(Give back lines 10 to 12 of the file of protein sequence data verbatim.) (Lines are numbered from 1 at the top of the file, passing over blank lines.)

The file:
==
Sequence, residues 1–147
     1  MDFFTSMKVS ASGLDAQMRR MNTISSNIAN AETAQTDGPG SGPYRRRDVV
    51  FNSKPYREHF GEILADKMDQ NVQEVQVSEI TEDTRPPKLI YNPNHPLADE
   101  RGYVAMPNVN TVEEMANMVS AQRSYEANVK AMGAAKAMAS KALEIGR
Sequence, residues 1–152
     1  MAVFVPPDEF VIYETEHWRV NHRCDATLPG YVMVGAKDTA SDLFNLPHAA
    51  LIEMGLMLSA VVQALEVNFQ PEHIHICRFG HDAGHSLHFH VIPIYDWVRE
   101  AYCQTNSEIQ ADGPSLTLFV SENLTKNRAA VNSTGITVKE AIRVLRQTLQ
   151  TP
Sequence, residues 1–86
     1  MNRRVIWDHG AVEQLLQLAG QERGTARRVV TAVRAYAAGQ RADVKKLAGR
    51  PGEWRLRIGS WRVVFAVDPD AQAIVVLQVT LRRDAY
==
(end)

Sequence, residues 1–86
     1  MNRRVIWDHG AVEQLLQLAG QERGTARRVV TAVRAYAAGQ RADVKKLAGR
    51  PGEWRLRIGS WRVVFAVDPD AQAIVVLQVT LRRDAY